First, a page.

When there is a governing precedent, of course, the inferior federal courts are supposed to follow it; it is up the Supreme Court to change it.

Judge Hudson got his most thorough wire brushing, however, from Professor Andrew Koppelman from Northwestern; here are the first few graphs of his post:

Today’s federal ruling striking down the Obama health care law is powerful proof that the law is, in fact, constitutional.

This apparent paradox emerges from the bizarre new legal theories that Judge Henry Hudson had to invent in order to invalidate the law – theories that, if taken seriously, would randomly destroy large parts of federal law.

The decision concerned the requirement that most Americans purchase health insurance or pay a penalty. Without this mandate, the law’s protection of people with preexisting conditions would mean that healthy people could wait until they get sick to buy insurance. That would bankrupt the entire health insurance system, because no one would be paying into the pools. Congress decided to charge those people for the costs they impose on their fellow citizens.

The Constitution gives Congress the power to “regulate Commerce . . . among the several states,” to “collect Taxes,” and to “make all Laws which shall be necessary and proper” to carry out its responsibilities. The commerce power has been understood for years to permit regulation of the national economy, which, the Supreme Court held in 1944, includes insurance. The mandate is also valid under the taxing power, which is not limited to objects of interstate commerce. The Court held in 1950 that a tax does not become unconstitutional “because it touches on activities which Congress might not otherwise regulate.” In carrying out its powers, Congress is given a broad choice of means by the necessary and proper clause; that was settled way back in 1819. This is why the two other federal district courts that previously considered challenges to the law had no problem throwing the cases out.

Professor Koppelman’s post is an excellent exposition on the subject of federal power; it’s not too dense for us ordinary mortals, and I recommend it. Here’s just another bit describing another case on the activity/inactivity issue:

The Supreme Court rejected the purported “inherent right of every freeman to care for his own body and health in such way as to him seems best” in 1905, in Jacobson v. Massachusetts. The claimant there asserted that mandatory smallpox vaccination violated his rights. It is true that vaccination was an imposition on his liberty. Dying of smallpox is also an imposition on one’s liberty.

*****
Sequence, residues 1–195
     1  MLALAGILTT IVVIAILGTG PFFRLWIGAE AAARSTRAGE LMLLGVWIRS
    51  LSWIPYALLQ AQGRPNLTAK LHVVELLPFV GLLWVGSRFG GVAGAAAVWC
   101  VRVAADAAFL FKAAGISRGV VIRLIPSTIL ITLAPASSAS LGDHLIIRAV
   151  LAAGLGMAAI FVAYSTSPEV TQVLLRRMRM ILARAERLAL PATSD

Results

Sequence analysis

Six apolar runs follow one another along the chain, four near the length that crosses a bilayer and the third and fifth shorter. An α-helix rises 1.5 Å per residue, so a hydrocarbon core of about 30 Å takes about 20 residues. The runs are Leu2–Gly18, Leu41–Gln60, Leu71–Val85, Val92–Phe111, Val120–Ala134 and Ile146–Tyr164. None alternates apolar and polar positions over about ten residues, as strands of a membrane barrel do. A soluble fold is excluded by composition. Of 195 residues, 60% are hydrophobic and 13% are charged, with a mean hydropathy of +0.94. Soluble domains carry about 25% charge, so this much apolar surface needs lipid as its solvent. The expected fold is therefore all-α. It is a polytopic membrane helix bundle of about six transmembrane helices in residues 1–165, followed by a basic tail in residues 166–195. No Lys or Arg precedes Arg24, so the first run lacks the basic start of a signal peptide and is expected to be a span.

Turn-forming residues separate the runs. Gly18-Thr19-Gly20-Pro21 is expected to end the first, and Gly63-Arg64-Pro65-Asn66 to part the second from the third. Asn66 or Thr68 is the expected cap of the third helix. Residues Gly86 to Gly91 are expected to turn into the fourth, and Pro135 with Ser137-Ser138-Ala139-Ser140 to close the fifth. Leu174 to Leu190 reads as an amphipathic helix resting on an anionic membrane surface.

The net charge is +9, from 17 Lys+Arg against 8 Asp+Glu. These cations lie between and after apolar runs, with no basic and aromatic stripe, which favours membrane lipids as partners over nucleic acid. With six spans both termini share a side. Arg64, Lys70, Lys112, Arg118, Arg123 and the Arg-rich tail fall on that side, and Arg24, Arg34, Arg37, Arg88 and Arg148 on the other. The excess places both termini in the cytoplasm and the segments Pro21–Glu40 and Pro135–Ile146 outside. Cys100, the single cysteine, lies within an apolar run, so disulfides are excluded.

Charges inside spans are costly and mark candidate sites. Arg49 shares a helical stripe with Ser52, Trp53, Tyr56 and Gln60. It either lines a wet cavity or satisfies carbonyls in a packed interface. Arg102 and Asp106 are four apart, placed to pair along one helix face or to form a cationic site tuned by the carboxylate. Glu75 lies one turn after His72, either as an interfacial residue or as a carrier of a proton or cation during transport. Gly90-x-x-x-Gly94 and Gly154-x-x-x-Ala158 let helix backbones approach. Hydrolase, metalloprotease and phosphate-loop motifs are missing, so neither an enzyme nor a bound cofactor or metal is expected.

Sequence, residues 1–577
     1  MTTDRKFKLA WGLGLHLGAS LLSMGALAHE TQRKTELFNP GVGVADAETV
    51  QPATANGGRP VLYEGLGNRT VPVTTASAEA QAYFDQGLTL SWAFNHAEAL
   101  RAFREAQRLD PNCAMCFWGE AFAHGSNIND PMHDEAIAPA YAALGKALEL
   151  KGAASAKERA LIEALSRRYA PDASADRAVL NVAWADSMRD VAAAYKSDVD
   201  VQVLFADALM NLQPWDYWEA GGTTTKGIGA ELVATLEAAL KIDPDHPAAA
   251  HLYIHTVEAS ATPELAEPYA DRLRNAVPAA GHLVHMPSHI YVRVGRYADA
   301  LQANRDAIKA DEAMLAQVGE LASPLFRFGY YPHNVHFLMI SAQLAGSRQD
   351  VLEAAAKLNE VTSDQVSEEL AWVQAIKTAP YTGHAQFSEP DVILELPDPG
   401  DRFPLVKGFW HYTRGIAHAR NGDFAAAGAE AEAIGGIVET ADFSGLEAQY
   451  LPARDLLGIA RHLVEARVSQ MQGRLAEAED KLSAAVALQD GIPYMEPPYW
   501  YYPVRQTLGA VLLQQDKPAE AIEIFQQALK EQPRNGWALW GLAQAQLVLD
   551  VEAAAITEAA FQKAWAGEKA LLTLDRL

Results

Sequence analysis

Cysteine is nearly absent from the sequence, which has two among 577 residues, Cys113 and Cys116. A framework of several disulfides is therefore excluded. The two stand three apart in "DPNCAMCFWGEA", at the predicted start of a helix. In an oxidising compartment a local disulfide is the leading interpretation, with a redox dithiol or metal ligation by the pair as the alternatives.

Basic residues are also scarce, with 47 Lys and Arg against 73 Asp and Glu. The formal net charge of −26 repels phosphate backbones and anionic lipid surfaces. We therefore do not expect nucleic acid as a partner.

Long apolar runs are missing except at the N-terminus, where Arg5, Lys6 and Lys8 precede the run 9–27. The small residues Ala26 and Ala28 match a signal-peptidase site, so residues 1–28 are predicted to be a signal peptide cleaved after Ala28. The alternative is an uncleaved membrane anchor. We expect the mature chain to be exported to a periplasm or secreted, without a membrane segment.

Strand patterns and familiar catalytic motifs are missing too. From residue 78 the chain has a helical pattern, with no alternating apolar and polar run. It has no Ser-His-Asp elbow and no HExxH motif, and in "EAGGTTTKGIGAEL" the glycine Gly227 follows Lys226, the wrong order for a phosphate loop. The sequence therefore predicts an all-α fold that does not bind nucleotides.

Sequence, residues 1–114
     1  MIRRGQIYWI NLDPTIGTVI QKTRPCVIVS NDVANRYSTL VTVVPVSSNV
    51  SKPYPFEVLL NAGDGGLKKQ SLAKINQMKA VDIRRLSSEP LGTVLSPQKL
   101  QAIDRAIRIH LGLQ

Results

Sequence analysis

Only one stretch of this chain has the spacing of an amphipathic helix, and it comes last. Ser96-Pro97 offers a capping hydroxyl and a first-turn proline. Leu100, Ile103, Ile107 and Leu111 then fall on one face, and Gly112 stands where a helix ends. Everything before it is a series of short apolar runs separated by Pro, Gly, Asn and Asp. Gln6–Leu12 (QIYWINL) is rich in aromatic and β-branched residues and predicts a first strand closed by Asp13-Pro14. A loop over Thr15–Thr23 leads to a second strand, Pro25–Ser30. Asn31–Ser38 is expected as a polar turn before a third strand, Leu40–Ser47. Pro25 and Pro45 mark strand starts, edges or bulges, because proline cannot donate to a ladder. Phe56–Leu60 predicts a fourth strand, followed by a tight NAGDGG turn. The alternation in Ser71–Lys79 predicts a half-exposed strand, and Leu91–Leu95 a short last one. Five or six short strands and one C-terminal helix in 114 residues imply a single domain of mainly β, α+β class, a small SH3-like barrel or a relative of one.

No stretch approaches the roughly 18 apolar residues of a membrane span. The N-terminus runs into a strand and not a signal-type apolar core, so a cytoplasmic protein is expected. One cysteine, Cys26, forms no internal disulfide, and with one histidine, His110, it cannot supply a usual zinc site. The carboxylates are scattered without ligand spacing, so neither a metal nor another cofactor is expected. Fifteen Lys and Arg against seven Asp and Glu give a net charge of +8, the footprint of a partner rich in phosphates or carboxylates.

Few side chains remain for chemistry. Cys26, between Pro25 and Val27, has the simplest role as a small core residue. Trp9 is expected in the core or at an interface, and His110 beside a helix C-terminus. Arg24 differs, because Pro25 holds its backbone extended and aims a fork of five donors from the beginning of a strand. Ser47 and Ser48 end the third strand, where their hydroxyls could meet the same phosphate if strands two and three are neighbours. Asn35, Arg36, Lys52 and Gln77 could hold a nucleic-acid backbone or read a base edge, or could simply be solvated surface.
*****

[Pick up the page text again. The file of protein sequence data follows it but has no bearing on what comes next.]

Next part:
(Update: I would add to Professor Koppelman’s observation and note that a refusal to get the smallpox vaccination diminishes the freedom of everybody else, in that it increases the risk of contagion to others. There is some point at which society is entitled to protect itself from irresponsible fools.)

No post – by me, anyway – on constitutional law would be complete without a shout out to everyone’s legal great-grand daddy, John Marshall. He wrote for a unanimous court in McCulloch v. Maryland, the 1819 case that Professor Koppelman refers to, holding that the federal government had the implied power to charter the Second Bank of the United States. When the Congress takes up a legitimate subject of regulation, it is aided by the Necessary and Proper Clause of Article 1 Section 8 of the Constitution. That is clearly what the insurance purchase mandate is here, a necessary and proper aid to the regulation of insurance.

Monday, December 13, 2010

Chip's play for the Range

Let's say you've just won election to the U.S. Congress. In fact, let's say you've just pulled off the improbable upset of an eighteen-term incumbent in Minnesota's Eighth District. Who do you meet with first?
Speaking to Republican donors in Minneapolis, Cravaack outlined his strategy for staying in office past 2012: frequent appearances in the 8th District and support for the proposed mines near Hoyt Lakes and Ely. The incoming member of Congress said his first meeting after the election was with Polymet Mining Corp. CEO Joe Scipioni.
This is a canny choice, but fraught with risk for Chip Cravaack. It's also a choice that puts Iron Range DFL politicians into a very uncomfortable position.

Polymet has proposed a large open-pit copper mine near Hoyt Lakes, and purchased the shuttered LTV Steel facility previously used to process taconite ore. Polymet has a powerful partner in Glencore, a Swiss commodities firm which owns about 20% of Polymet stock, and who's sunk tens of millions into the company. The Polymet proposal has stumbled through the regulatory process, most recently failing to produce an adequate draft environmental impact statement (EIS.) After the EIS was given the EPA's lowest possible rating, Polymet has gone back to the drawing board and is preparing another draft that will likely be completed by the end of 2011. It's been a long and winding road for this project, which has been in some form of environmental review since 2005.